Explained: Trump Impeachment 2.0


On 13th January 2021, Donald Trump once again made history by becoming the only President of the United States to ever be impeached twice. What’s even more interesting is that both the impeachments happened within his first term in office. His second impeachment was for ‘incitement of insurrection’ and it passed the House of Representatives with 232 members – including 10 House Republicans – voting in favour of it. Trump was first charged with impeachment back in 2019 for ‘Abuse of Power’ and ‘Obstruction of Congress’ relating to the Trump-Ukraine scandal. 

However, this second impeachment charge comes after violent Trump supporters marched on Washington on the 6th of January – the day on which Congress ratified Biden’s electoral victory – and violently stormed the US Capitol in an attempt to stop the ratification. In the ensuing chaos, a woman was shot inside the capitol by a police officer who discharged his weapon when that woman attempted to enter a restricted area. Furthermore, apart from thousands of dollars in property damage, four other people also died including a police officer who lost his life after being struck on the head by a fire extinguisher.

The rioters marched on the Capitol building following a Trump-led “Save America” rally where he continued his claims of falsification of election results and urged his supporters to “fight like hell” and show some strength. The former president also commented, “We will never give up, we will never concede.” His provocative statements are being used as a rationale for his impeachment.

He was therefore accused of “incitement of insurrection,” with the impeachment article stating that his actions, “encouraged and foreseeably resulted in lawless action at the Capitol,” he “repeatedly issued false statements asserting that the presidential election results were fraudulent and should not be accepted” and “gravely endangered the security of the United States and its institutions of government.”

So what does this mean and what’s next for Trump?

Impeachment is a political charge against a sitting President which if convicted in a Senate trial result in removal from office.

Trump’s Senate trial is set to begin on 8th February after the current Senate Minority Leader and the Senate Majority Leader struck a deal to delay Trump’s Impeachment trial in order to give him more time to prepare for his defence. Speaker of the House of Representatives Nancy Pelosi has already formally transmitted the articles of impeachment to the Senate.

In the Senate, as per the U.S. Constitution, the Chief Justice of the U.S. Supreme Court would preside over the trial, and a two-thirds majority is required to convict and remove Mr Trump from office. With Democrats only controlling 50 seats in the Senate at this point, this would mean that it would require 17 Republican Senators to vote in favour of convicting Trump.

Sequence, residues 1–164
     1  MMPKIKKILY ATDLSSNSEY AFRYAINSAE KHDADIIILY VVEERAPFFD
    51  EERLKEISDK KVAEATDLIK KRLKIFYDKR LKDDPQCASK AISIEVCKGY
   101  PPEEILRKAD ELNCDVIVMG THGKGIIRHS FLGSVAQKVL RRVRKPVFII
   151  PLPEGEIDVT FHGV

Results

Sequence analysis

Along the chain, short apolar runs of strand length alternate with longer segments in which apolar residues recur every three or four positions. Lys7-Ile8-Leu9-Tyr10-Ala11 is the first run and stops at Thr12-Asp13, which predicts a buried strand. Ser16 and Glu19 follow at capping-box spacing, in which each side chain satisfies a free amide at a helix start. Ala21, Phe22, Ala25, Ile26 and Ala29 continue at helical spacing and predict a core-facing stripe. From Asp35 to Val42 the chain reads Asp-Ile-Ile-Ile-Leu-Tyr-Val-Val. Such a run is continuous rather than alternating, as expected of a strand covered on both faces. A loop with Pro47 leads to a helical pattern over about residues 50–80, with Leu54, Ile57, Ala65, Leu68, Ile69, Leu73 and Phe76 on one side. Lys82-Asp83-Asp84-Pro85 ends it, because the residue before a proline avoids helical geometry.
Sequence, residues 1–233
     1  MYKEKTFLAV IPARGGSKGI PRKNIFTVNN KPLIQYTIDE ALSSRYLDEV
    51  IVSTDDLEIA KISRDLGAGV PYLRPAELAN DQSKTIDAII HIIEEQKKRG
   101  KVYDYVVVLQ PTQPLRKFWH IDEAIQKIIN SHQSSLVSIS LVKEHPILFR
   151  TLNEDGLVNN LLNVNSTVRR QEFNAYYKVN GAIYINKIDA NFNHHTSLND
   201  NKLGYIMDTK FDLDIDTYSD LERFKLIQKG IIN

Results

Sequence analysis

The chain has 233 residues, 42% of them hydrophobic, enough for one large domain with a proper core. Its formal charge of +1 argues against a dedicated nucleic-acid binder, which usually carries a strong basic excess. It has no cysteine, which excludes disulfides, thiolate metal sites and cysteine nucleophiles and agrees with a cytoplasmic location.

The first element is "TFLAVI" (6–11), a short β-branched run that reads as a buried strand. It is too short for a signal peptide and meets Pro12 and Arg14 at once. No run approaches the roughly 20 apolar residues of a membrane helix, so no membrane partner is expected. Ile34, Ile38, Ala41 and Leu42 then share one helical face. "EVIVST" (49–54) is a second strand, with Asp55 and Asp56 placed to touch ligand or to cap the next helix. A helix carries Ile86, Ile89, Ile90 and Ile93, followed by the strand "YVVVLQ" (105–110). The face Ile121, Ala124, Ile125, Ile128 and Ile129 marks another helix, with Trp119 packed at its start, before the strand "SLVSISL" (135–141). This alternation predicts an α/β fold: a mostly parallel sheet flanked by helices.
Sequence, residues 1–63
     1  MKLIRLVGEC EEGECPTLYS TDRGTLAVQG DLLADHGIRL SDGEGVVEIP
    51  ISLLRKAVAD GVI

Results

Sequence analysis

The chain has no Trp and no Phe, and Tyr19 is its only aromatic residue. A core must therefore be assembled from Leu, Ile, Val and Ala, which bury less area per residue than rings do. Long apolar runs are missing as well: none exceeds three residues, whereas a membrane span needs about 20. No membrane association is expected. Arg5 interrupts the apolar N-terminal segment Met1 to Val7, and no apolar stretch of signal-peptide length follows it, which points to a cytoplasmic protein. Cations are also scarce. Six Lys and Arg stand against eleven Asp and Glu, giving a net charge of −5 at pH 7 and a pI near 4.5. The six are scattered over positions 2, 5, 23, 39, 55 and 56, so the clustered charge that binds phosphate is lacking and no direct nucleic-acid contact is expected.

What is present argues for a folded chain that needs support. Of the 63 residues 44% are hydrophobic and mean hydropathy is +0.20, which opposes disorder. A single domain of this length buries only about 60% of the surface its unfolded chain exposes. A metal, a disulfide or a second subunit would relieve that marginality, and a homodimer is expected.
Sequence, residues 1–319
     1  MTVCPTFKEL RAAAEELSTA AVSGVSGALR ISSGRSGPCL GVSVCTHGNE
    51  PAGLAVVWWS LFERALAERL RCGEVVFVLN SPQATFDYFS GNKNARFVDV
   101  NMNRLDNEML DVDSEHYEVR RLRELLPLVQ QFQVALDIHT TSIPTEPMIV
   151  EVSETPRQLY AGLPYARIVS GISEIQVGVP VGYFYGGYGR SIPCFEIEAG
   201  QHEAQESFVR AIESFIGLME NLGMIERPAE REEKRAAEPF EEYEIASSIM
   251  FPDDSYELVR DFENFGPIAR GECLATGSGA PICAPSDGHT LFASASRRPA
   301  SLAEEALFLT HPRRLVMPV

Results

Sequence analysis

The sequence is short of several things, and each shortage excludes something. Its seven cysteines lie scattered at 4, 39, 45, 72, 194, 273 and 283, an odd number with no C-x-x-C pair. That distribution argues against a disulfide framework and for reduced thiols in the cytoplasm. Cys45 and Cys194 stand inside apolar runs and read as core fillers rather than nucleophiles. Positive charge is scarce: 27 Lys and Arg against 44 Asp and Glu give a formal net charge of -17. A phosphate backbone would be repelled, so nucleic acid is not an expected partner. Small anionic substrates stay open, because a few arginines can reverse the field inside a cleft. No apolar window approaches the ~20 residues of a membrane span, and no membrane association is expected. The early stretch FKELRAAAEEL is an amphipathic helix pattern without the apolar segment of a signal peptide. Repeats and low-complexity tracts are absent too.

If convicted, Trump would be barred from running for any public office and therefore wouldn’t be able to pursue his prospective plans of running for President in the 2024 election cycle.

However, no ex-President has ever faced an impeachment trial and this poses the question of whether Trump could actually be convicted, especially considering that impeachment is merely a political trial and not a criminal charge.

Back in the 1970’s President Richard Nixon’s impeachment process was stopped he infamously resigned from office in 1974. Such a situation would suggest that Trump could challenge the validity of his Senate trial in the Supreme Court, claiming it as unconstitutional.

However, even if the Supreme Court declares the trial as unconstitutional, this does not rule out the fact that he could face legal consequences for his role in the riots: inciting rebellion or violence against the authority of the United States, is a federal crime and if convicted in a criminal trial carries a statutory maximum penalty of 10 years in prison and a permanent ban from holding any public office. Therefore, he may face prison time and could still be barred from office following a criminal trial.

There is the possibility that the former president could ask Joe Biden for a presidential pardon Although, this is highly unlikely as it appears to clash with Biden’s policies and has only ever happened once in 1974 when President Gerald Ford gave Richard Nixon blanket pardon against any and all criminal charges associated with the Watergate scandal. This move stained Ford’s presidency and was a leading cause of his 1976 defeat to Jimmy Carter.

At the very least, the legacy of being the only president in history to be impeached twice will most probably ruin Trump’s chances of re-election in the future

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